Stephen Greenblatt, to my taste, has found the perfect balance in all of this. He doesn’t have anything to prove. He’s not trying to defend a thesis. (Example: Shakespeare obviously worked at a law office at some point because of his knowledge of legalistic matters, and how frequently he uses legal tangles in his plays … So now let me find 5,000 quotes to support my thesis.) So much of the scholarship surrounding Shakespeare is in that vein. And that’s okay, too – it’s all very interesting, and furthers the discussion. But I like Greenblatt’s style. He never ever forgets that there is so little that we do know, there is little that is certain … and yet … we have those damn plays. Shining across the centuries. Let’s look to the plays.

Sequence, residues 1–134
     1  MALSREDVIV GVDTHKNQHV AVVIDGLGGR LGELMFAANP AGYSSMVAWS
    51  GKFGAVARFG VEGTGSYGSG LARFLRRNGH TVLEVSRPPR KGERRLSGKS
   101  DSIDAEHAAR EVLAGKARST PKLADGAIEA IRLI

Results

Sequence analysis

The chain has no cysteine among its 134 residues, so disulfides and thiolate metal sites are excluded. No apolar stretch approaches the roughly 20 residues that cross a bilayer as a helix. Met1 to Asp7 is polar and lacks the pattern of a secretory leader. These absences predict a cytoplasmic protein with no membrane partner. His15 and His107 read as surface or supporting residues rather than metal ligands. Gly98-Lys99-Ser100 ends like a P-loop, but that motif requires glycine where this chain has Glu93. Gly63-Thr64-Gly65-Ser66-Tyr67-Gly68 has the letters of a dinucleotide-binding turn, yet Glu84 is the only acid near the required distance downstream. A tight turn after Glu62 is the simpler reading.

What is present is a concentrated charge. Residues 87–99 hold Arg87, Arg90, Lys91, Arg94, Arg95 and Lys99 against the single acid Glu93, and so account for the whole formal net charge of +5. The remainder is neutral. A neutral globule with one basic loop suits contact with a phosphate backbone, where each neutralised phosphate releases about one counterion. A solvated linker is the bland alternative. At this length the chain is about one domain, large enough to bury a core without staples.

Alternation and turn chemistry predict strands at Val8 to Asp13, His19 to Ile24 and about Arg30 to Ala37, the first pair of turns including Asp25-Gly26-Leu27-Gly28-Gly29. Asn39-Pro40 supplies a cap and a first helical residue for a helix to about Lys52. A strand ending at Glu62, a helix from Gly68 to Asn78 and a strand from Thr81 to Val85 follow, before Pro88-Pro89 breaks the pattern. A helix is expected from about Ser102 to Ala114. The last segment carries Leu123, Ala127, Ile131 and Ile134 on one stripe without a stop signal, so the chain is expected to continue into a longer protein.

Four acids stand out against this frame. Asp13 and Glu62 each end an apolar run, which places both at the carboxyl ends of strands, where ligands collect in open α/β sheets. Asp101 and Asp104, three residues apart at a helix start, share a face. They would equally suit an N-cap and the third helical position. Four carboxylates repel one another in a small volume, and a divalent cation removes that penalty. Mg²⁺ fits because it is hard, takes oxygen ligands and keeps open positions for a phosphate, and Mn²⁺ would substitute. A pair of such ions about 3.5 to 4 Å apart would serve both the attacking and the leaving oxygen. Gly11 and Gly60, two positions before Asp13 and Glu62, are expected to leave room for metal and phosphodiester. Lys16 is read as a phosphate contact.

I am learning SO MUCH.

This entry was posted in Books and tagged , . Bookmark the permalink.

16 Responses to Will In the World, by Stephen Greenblatt

  1. Bryan says:

    I’m interested in your response to this book because Greenblatt was starting to become famous as a critic when I was in graduate school, and I ignored him because he was associated with the “New Historicist” school, which in turn was associated with Foucault, for whom I did not have much respect. But it sounds as if I may have been unfairly prejudiced against Greenblatt. Please continue to let us know what you think of the book.

  2. red says:

    I have not read his other stuff, so I can’t judge for sure … but so far, so good.

  3. Curtis says:

    Keep this up Red and I may have to get the book.

    I am really looking forward to this thread. I LOVE shakespeare!!

  4. Steve says:

    Curious about your view of Foucault. I liked him, but not for historical reasons. I can definitely understand why, he definitely fails on the “historical truth” aspect. I’ve read him more from a philosophical/sociological perspective.